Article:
Úlfar Bragason er rannsóknarprófessor emeritus við Stofnun Árna Magnússonar í íslenskum fræðum. Rannsóknir Úlfars hafa beinst að íslenskum miðaldabókmenntum, einkum samtíðarsögum, og flutningum Íslendinga til Vesturheims á 19. öld. Hann er höfundur bókarinnar Reykjaholt Revisited: Representing Snorri in Sturla Þórðarson’s Íslendinga saga sem kemur út um þessar mundir hjá Árnastofnun.

The talk will be delivered in Icelandic. All are welcome to attend. Maximum seating capacity 23; 1 meter social distancing; masks mandatory.

Streymi: https://eu01web.zoom.us/j/67914534131

(Video) Waterscapes in Nordic Mythology: Blood, Sacrifice & Creation

Ásgeir Jónsson

Efnahagsmál á landnámsöld

Fimmtudaginn 9. desember 2021 kl. 16.30 — FRESTAÐ
Lögbergi 101

Landnámabók geymir fjölskyldusögur 430 landnámsmanna, bæði karla og kvenna. Sumar eru sorglegar, aðrar ævintýralegar en allar fullar af von um nýtt líf. Hér er gerð tilraun til að fella þessar mörgu litlu sögur saman í eina stóra sögu í samhengi við aðrar heimildir, líkt og írska, skoska og enska annála. Og erlendar sagnfræðirannsóknir. Þrátt fyrir ýkjur og missagnir mynda landnámssögurnar einn frásagnarkjarna sem er í góðu samhengi við hagsögu evrópskra miðalda.

Nýútkomin bók ÁsgeirsEyjan hans Ingólfs er skrifuð sem fjölskyldusaga Ingólfs landnámsmanns í Reykjavík sem er með öðrum þræði saga Íslands. Ingólfur átti stóra fjölskyldu sem bjó bæði í Noregi og á Suðureyjum. Flest ættmenni hans á Írlandshafi höfðu tekið kristni og samlagast keltnesku samfélagi. En ófriður kippti undan þeim fótunum. Þau héldu til Íslands og námu um þriðjung ræktanlegs lands. Þessi frændgarður lagði síðan grunn að þinghaldi, stofnun Alþings, skipulagi goðorða og svo biskupsstól í Skálholti.Efnahagsáhersla bókarinnar er tvíþætt:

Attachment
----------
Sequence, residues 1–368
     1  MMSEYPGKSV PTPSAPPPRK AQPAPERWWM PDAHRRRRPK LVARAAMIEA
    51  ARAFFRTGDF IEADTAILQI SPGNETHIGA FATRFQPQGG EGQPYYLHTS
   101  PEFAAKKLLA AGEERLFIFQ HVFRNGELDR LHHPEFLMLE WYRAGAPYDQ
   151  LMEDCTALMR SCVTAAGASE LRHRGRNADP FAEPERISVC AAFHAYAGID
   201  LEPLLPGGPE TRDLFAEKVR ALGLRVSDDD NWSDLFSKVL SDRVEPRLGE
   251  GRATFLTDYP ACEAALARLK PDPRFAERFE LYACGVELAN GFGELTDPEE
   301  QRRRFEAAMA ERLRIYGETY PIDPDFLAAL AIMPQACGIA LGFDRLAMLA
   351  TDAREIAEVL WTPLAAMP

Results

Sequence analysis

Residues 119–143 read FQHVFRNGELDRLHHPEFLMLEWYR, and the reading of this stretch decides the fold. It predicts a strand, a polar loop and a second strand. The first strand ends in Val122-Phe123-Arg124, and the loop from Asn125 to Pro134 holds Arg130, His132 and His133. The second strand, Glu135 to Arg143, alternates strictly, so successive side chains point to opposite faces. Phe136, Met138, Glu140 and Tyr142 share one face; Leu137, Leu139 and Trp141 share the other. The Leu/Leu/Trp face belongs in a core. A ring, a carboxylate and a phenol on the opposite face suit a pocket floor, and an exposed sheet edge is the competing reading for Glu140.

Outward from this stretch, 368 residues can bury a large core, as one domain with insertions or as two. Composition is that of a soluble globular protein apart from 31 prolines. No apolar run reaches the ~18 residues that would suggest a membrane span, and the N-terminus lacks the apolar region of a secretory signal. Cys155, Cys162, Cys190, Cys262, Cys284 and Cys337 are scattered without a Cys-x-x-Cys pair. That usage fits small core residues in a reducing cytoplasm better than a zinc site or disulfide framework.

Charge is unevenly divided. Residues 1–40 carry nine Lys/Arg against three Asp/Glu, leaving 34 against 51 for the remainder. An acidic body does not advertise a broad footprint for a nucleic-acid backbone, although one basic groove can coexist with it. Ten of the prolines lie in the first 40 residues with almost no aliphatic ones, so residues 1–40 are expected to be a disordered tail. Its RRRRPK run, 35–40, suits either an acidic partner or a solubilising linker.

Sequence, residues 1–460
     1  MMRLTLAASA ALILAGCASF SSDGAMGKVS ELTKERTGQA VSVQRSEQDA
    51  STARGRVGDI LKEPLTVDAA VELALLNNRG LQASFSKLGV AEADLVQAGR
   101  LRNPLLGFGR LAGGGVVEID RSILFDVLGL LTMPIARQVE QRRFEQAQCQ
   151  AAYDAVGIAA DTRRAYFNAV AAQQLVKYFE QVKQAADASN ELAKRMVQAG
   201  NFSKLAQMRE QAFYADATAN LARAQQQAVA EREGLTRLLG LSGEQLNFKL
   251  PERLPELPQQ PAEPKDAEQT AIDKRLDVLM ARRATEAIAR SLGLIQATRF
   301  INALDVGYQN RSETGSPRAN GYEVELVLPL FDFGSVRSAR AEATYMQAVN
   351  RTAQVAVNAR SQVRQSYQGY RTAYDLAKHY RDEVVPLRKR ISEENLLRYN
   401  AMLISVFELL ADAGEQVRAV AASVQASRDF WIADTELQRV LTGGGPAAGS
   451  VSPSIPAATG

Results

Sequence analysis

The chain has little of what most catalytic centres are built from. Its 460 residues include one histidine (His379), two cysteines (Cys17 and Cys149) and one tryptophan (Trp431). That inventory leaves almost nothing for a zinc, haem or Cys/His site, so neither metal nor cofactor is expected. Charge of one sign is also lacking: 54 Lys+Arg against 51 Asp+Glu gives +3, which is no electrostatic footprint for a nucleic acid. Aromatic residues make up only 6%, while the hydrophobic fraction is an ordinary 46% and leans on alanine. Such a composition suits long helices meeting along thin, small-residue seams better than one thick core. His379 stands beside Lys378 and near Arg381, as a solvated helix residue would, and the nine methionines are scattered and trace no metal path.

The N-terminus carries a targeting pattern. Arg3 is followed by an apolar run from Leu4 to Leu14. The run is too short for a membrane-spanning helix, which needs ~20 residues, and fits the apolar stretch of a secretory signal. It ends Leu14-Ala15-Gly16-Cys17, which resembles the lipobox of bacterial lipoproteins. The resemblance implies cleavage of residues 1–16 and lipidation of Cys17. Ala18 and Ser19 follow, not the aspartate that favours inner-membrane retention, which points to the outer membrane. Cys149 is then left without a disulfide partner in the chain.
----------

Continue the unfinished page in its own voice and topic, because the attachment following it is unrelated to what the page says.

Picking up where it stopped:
Í fyrsta lagi er fjallað um efnahagslegan drifkraft landnámsins í tengslum við breytingar í alþjóðaverslun á tímum víkingaferðanna. Flestir landnámsmenn voru upprunnir af Norðurveginum – hinni 1000 km strandlengju norðvestur Noregs sem um aldir var hlið meginlands Evrópu til heimskautasvæðanna. Úthafssiglingar Norðmanna til Bretlandseyja komu utanríkisverslun Norðurlanda í uppnám og komu af stað verslunarstríði sem hefur verið kennd við Harald hárfagra. Þá er hugað að tengslum Íslands við stærsta þrælamarkað í Evrópu í Dyflinni.

Í öðru lagi fjallað um hagræna þróun og stofnanauppbyggingu í nýju landi. Ljóst er að upphafleg lýsing eignarréttar á landi, hafði gríðarleg áhrif á dreifingu eigna og síðar skulda í hinu nýja ríki. Landnámssættirnar virðast þó hafa kosið fremur að selja land en leigja það áfram og þá frekar lána fyrir kaupunum. Kannski stafaði það af því hve peningalán báru háa vexti, veðtaka var auðveld samkvæmt lögum og framfylgd eignarréttar var skýr. Þannig skilaði landnámsöldin héruðum er voru skipuð sjálfseignarbændum en ekki leiguliðum. Þessi fjölmenna stétt sjálfseignarbænda varð síðan grundvöllur að goðorðum þar sem þingmönnum var raunverulega frjálst að velja sér goða til að fylgja án þess að vera háðir neinum leigudrottni.

Ásgeir Jónssonlauk BS- próf í hagfræði frá Háskóla Íslands 1990 þar sem BS-ritgerð hans fjallaði um hagkerfi Íslands á tímum frjálsrar alþjóðaverslunar árunum 1400-1600. Hann lauk síðan doktorsprófi í peningahagfræði og hagsögu frá Indiana University árið 2001 þar sem yfirskrift doktorsritgerðar hans var Short-term Stabilization in Small Open Economies. Ásgeir hóf störf á Hagfræðistofnun árið 2001, varð lektor við Hagfræðideild Háskóla Íslands árið 2004 og síðar dósent. Hann var deildarforseti Hagfræðideildar Háskóla Íslands 2015-2019, umsjónarmaður námslínu í meistaranámi í fjármálahagfræði og fjármálafræði frá 2006. Ásgeir hefur á ferli sínum ritað fjölda fræðilegra greina og bóka um peningamál, hagsögu og efnahagsmál.Hann er nú í leyfi frá Háskóla Íslands og sinnir starfi seðlabankastjóra.

Fyrirlesturinn verður fluttur á íslensku og er öllum opin á meðan húsrúm leyfir; hámark 50 manns; grímuskylda.